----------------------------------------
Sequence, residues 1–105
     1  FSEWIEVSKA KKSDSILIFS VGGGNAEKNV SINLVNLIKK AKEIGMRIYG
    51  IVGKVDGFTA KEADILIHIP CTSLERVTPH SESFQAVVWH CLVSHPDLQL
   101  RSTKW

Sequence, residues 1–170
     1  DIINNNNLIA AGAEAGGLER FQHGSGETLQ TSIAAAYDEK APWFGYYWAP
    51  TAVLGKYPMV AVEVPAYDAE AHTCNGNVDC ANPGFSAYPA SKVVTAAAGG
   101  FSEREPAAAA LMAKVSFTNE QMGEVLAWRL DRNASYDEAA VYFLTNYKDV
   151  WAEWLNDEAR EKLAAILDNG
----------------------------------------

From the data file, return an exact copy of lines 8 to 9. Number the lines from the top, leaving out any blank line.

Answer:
   101  FSEREPAAAA LMAKVSFTNE QMGEVLAWRL DRNASYDEAA VYFLTNYKDV
   151  WAEWLNDEAR EKLAAILDNG